Session 199: Keynote Lecture 2016: The Taste of Food
Monday 4 July 2016, 13.00-14.00
|Paul Freedman, Department of History, Yale University
|Massimo Montanari, Dipartimento di Storia Culture Civiltà, Università di Bologna
Taste is an ambiguous word that refers either to the physiological sensation that begins in the body by contact with food, or the aesthetic evaluation that a particular society places on the gustatory experience (also in the metaphorical sense, in areas not only of gastronomy but also and above all else of art, literature, or music). Taste in its first meaning is an individual and biological attitude. Taste in its second meaning (understood now as Good Taste) becomes a collective and cultural attitude. This lecture sets out to show how the respective importance of these two meanings was modified over time - between the Medieval and Modern period - with a progressive disequilibrium away from the first to the second. It aims to show how both concepts might discover an essential affinity in the ‘principle of knowledge’ which, moreover, allows utilisation of the idea of Taste in a metaphorical sense; and how, through such a principle, the medieval ideal of Taste (restricted to the act of eating and particularly understood as a spontaneous datum) prepares the modern idea of Good Taste (extended to other activities and mostly as a cultural datum, that is, as the fruit of social learning) which, in turn, allows elaboration of the very idea of Food Taste as a Good Taste culturally learned.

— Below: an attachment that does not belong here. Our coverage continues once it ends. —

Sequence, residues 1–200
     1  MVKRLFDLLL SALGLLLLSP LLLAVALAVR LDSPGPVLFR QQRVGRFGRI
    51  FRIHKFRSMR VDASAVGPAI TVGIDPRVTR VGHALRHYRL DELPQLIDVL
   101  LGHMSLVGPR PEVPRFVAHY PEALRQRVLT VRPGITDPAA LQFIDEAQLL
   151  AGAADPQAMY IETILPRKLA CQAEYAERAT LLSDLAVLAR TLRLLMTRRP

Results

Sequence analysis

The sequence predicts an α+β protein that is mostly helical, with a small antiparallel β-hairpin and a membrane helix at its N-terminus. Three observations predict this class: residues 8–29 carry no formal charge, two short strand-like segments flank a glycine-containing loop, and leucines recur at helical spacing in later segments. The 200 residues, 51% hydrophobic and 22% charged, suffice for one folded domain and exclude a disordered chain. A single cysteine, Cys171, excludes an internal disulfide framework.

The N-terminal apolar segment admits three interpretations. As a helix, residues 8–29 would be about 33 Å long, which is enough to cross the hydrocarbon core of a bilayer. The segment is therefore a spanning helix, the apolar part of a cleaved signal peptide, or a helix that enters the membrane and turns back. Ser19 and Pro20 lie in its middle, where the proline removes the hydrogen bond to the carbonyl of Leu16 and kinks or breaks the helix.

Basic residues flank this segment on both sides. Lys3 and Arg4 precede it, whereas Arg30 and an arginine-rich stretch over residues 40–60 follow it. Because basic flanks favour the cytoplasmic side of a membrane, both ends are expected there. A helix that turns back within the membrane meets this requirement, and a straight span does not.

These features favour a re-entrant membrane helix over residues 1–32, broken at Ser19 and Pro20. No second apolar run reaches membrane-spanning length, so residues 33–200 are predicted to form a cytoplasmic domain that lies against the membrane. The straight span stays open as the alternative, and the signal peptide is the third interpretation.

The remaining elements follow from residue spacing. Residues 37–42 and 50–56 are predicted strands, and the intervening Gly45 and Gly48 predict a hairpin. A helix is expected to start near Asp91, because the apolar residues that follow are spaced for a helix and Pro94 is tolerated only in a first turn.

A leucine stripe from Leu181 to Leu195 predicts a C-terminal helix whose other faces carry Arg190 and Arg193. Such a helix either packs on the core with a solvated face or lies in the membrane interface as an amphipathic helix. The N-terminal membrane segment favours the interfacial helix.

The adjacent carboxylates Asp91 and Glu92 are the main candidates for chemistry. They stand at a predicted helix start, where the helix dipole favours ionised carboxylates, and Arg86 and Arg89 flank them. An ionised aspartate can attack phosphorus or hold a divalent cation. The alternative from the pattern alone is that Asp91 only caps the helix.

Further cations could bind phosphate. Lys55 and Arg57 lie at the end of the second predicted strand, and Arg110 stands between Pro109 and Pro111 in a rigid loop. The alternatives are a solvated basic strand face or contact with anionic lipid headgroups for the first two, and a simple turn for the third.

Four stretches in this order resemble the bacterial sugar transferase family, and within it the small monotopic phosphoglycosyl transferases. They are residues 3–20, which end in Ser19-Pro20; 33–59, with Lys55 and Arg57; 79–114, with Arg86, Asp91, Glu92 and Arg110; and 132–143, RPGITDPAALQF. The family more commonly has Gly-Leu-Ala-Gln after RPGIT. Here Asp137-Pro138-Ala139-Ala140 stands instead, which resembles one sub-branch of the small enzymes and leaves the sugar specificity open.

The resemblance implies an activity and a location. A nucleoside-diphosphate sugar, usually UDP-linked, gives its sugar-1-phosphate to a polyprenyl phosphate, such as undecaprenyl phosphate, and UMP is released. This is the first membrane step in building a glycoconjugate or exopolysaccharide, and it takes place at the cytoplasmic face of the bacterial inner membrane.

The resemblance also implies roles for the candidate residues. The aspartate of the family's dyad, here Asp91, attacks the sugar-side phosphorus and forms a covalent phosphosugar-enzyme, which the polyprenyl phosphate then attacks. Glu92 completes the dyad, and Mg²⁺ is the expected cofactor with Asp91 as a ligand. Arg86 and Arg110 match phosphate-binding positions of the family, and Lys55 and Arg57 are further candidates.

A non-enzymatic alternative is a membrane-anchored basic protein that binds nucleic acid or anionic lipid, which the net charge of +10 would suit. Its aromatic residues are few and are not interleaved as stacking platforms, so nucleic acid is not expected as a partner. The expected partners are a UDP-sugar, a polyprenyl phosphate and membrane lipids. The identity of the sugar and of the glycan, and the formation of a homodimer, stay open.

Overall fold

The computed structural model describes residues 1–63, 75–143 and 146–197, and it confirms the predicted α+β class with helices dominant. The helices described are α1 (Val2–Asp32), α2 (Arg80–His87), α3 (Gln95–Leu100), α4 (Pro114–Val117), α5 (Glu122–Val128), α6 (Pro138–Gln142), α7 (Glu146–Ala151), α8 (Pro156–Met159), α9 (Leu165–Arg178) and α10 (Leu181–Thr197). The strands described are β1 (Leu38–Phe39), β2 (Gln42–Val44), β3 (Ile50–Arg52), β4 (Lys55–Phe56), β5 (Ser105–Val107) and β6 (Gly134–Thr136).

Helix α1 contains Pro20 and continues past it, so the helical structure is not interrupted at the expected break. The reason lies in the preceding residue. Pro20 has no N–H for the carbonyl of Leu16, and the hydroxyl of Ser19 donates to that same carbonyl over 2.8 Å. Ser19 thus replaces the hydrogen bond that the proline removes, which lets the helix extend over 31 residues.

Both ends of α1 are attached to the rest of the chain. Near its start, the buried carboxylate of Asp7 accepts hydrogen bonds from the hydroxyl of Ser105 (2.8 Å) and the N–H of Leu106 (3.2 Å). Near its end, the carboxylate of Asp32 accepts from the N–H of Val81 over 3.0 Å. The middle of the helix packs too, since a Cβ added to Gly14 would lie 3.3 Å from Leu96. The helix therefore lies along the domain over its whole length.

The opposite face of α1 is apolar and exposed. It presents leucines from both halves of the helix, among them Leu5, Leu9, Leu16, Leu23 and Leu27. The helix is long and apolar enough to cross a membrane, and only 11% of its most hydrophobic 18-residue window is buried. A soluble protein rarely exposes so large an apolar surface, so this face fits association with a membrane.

Please note that admission to this event will be on a first-come, first-served basis as there will be no tickets. Please ensure that you arrive as early as possible to avoid disappointment.